15 November 2012
Hansard of the Legislative Council
UNNAMED CONSERVATION AREA AT BADGER HEAD
Mr FARRELL (Derwent - Leader of Government Business in
the Legislative Council - Motion) - Madam President, I move -
That the Council approve a draft proclamation under section 21(1) of the Nature Conservation Act 2002 which
revokes the reservation status of an unnamed conservation area at Badger Head.
This is so that it can be prepared for sale. The conservation area
at Badger Head is at the western end of Badger Beach.
The reserved land is relatively small, being only 2 160 square metres in size,
and is located at the end of a residential cul-de-sac. It was bought by the
crown in 1978 so that it and a number of other blocks that were intended to be
bought at the same time could be added to the then Asbestos Range National
Park. The larger blocks that were not part of this proposal were not purchased
so the plan to add the smaller blocks to the national park, including the
Badger Head block, did not go ahead. The land is surrounded on three sides by
private residential properties and on the fourth side by a large block owned by
West Tamar Council. The close proximity of a number of private landholders, the
small size of the block, and the lack of connectivity to other reserve land
have reduced the value of the block to the Tasmanian Reserve Estate.
The vegetation on the crown block is regrowth dry forest. Much of
the original vegetation on the block is likely to have been cleared to
construct low and high voltage power lines that run up through the middle of
the block. Native vegetation on it would provide some habitat for native fauna,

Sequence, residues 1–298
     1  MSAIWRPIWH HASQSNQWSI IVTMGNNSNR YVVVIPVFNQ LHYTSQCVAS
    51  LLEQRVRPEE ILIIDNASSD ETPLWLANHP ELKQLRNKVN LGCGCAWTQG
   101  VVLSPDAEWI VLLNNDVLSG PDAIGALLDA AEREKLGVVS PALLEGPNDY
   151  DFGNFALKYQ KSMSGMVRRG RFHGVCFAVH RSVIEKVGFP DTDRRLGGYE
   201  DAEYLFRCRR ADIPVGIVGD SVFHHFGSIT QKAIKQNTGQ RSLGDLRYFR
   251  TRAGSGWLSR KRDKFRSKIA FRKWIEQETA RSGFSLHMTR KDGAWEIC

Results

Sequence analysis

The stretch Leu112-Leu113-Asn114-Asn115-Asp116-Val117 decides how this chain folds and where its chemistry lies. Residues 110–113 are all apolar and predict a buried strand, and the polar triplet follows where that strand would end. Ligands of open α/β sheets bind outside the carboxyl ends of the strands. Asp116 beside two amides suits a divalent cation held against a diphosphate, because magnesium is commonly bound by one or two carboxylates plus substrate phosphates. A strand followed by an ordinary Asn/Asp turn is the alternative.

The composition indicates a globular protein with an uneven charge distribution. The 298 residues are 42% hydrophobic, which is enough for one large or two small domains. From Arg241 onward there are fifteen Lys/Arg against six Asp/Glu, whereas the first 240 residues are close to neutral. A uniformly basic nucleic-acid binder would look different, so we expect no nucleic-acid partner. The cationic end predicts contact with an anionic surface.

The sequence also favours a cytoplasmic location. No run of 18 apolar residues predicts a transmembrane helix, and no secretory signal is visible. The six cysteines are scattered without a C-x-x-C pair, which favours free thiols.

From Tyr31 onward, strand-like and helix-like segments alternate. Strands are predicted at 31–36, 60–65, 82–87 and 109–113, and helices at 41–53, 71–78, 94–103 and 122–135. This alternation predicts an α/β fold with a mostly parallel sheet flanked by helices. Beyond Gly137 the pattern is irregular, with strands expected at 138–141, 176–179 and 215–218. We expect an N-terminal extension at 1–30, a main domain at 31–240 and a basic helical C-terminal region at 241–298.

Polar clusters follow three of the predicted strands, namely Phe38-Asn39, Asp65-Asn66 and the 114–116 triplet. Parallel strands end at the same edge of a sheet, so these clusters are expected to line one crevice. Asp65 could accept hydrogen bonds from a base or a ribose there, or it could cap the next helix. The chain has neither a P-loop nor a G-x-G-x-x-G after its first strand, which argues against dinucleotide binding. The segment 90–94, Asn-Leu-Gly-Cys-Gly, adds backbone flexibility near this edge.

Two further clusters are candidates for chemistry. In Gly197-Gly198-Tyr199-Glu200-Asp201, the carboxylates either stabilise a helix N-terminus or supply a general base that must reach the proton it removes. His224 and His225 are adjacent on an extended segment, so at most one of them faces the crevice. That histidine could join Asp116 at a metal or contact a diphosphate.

however given its small size, disturbance history and context in the landscape,
it is not considered significant.
No threatened flora and fauna have been identified on the property
and it contains no other significant natural values. Aboriginal Heritage Tasmania has advised
that there are no Aboriginal heritage sites in or close to the property and
accordingly AHT has no objection to the sale of the parcel of land.
Prior to any sale of the land the reservation status of the land
needs to be revoked. This will require the Governor to make a proclamation
under section 21 of the Nature Conservation Act 2002. Prior to the Governor
making such a proclamation a draft of the proclamation needs to be approved by
both Houses of parliament. The director of Parks and Wildlife supports the
proposal for revocation and sale of this land. I commend this motion to the
Mr FINCH (Rosevears) - Being the
representative for this area, it behoves me to speak and inform members about
the property that is for revocation. Badger Head is an interesting area because
it is part of what used to be the Asbestos
Park, but of course with asbestos being
politically incorrect, the name was changed to Narawntapu. It is a firm part of
the Narawntapu National Park. That is why some of that
area is under the Nature Conservation Act.
I first became aware of this area when I was with the ABC. A lady
by the name of Joan Lyons, one of the very few residents at Badger Head, wrote
a small history of Badger Head and its place on Bass Strait as a location for
explorers, travellers and people who wanted to explore Tasmania. Joan wrote a lovely book, sent it
to me, and I had contact with her. She passed away a couple of years ago and
her husband quite some time before. He was known as the mayor of Badger Head
and his nickname was Tiger. I never did find out his real name but the mayor,
or Tiger, and Joan lived there. They developed a lovely home there. Badger Head
has been used over many years by the residents of the West Tamar as a holiday